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Community awaits decision on bridge replacement


By David Porter


Locals whose lives have been affected by storm damaged bridges around the King Edward area will hear on Thursday of Aberdeenshire Council's Infrastructure Services Committee decisions on their replacement.

Formartine councillors expressed thier comments over proposals not to replace bridges which suffered storm damage last year.
Formartine councillors expressed thier comments over proposals not to replace bridges which suffered storm damage last year.

Seven bridges were damaged to the extent they could not be used, with repairs only carried out at South Mains which is located on the B9105 as it is a main cross-country route.

The other bridges have been subject to closures since September and both Banff and Buchan councillors previously in December and Formartine councillors this week in Ellon were asked to approve moves not to replace them.

Banff members voted against the proposal in December and today Formartine councillors joined them in expressing their concerns over the effects on communities of such actions.

Formartine councillors were asked to consider the non-replacement of the North Litterty Bridge which sits on the edge of their area, while Banff members previously considered bridges at Gorrachie, Fortrie, Bruntyards, Millcroft and Mill of Balmaud.

Members fully appreciated the financial situation that the damage had caused with current estimates of repair backlog in Aberdeenshire of around £100million, priority is on bridges at risk of closure or restriction in the next five to 10 years on the A and B class networks.

Only the bridges at Bruntyards and Gorrachie are being considered as bringing positive cost/benefit results if they were to eventually replaced.

Speakingat the meeting councillor Alistair Forsyth raised the issue of alternatives to bridge replacement, such as fords, which were still used elsewhere in Scotland and closer to home near Ellon.

He said: “A ford is not that expensive and are fairly easy to maintain.

“They keep the roads open and I would like to see some comment that either discounts fords or says this isn't a bad idea.”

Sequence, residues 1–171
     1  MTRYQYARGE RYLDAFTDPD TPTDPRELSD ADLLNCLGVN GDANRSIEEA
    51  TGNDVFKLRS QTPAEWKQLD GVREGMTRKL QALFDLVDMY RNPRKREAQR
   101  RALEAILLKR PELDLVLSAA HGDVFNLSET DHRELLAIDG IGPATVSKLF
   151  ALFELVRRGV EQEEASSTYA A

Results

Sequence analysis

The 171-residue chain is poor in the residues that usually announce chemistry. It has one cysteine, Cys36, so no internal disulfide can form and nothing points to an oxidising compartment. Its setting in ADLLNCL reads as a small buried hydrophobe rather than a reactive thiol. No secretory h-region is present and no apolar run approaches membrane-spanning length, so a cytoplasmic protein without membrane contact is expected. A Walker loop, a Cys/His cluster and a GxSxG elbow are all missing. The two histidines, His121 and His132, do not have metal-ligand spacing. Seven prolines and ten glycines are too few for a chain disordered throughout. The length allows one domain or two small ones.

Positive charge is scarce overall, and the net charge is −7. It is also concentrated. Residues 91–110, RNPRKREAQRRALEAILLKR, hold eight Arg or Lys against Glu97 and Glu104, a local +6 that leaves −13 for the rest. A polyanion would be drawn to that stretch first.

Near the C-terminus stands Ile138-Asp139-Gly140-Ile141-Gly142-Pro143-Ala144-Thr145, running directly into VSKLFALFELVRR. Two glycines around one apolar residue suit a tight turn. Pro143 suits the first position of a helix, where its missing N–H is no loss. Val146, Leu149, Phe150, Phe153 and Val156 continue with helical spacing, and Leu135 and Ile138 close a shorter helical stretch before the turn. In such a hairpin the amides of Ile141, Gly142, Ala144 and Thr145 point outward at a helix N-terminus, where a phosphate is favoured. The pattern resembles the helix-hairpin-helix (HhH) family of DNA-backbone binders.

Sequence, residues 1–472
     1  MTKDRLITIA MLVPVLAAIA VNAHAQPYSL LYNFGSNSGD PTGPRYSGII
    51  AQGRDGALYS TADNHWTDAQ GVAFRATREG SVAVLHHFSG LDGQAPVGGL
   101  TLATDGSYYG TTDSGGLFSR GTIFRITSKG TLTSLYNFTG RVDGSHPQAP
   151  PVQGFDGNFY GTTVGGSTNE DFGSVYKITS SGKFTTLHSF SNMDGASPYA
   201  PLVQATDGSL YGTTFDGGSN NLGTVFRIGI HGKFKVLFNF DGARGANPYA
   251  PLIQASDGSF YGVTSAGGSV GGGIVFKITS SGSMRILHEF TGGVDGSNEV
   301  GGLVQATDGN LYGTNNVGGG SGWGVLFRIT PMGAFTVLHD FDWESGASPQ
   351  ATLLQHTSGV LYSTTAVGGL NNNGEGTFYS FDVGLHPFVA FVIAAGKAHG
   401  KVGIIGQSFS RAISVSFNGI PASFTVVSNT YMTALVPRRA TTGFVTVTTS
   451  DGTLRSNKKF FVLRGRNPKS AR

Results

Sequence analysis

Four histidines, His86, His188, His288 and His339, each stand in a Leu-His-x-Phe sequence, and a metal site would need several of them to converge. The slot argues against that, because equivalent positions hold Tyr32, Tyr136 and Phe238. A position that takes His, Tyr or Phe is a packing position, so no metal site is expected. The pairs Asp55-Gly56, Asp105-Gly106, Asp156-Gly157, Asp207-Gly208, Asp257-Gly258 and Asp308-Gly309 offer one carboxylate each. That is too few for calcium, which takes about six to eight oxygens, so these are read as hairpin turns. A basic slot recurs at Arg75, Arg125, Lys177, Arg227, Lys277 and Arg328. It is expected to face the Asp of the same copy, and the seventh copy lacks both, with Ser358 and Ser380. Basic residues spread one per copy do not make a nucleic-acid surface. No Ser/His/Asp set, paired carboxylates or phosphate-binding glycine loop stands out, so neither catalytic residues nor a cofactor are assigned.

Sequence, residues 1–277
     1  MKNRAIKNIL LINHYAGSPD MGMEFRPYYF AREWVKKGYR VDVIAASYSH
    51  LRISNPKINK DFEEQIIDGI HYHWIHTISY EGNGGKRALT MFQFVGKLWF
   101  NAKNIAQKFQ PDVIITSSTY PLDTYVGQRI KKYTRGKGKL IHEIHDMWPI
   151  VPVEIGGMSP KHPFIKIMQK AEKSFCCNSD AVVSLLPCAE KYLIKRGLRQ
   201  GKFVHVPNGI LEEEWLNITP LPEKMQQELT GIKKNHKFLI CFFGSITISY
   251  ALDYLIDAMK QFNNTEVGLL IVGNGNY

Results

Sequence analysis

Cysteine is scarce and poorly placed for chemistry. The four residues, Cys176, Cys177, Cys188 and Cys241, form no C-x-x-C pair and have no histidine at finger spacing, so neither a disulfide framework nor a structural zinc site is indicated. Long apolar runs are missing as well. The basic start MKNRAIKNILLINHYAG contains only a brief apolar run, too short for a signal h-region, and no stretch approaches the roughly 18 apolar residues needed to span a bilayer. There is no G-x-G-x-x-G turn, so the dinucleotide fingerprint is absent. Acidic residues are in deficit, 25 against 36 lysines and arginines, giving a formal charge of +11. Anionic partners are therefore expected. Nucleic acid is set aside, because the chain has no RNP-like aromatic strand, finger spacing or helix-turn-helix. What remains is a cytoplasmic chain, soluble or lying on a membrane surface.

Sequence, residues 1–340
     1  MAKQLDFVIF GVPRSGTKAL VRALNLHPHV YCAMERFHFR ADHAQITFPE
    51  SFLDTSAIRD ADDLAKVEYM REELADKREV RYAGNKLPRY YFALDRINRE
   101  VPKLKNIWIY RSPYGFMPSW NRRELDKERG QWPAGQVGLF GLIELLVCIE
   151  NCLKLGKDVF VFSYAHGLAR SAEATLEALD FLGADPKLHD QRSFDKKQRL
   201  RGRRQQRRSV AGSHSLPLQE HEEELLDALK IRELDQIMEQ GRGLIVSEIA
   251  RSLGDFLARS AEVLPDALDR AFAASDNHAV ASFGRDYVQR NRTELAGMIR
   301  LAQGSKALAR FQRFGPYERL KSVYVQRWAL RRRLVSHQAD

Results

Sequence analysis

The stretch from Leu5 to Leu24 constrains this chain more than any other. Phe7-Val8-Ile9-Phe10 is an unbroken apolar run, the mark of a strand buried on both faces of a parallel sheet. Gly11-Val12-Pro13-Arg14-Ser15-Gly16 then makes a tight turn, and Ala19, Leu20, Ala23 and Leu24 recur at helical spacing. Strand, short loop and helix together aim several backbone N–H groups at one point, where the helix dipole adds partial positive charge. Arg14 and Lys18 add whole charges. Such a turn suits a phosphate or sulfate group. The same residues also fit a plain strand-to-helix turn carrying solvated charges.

Roads officer Philip Leiper explained that they were indeed a potential option: “But only if the profile of the land next to them affords it.

“What we have with these bridges are under road water courses rather than over road ones.

“There would be cost and engineering issues and its whether that would be more or less than a bridge replacement would have to be seen.”

Councillor Iain Taylor looked at the effect on farming businesses and said: “My rough estimate is that at least 1800ha of land are directly affected by these closures.

“There are six large potato stores within the area and this is driving farm traffic off rural routes onto main roads and adding considerable financial burden to farmers as well as increasing their carbon footprint.”

He also expressed concern on the effect for local school pupils, for whom several were now faced with considerably longer school days due to transport having to take much longer routes and the knock on effect this had on cost to education services.

Councillor Anne Stirling said: “It is very disappointing to see that the reports brought to committee don't look at the social and economic impacts of the closures as these have considerable impact on both.

“I back councillor Taylor's call to have officers work collaboratively with locals to find solutions as events like this will become more of an issue as the years progress.

Chair of the committee Isobel Davidson also stressed that information on the social and economic impact was needed and said: “Without that information for each bridge it is incredibly difficult to make any kind of judgement call on which ones should and potentially should not be replaced.”

The councillors comments will now be fed into the report which goes before the Infrastructure Committee on Thursday at Woodhill House.



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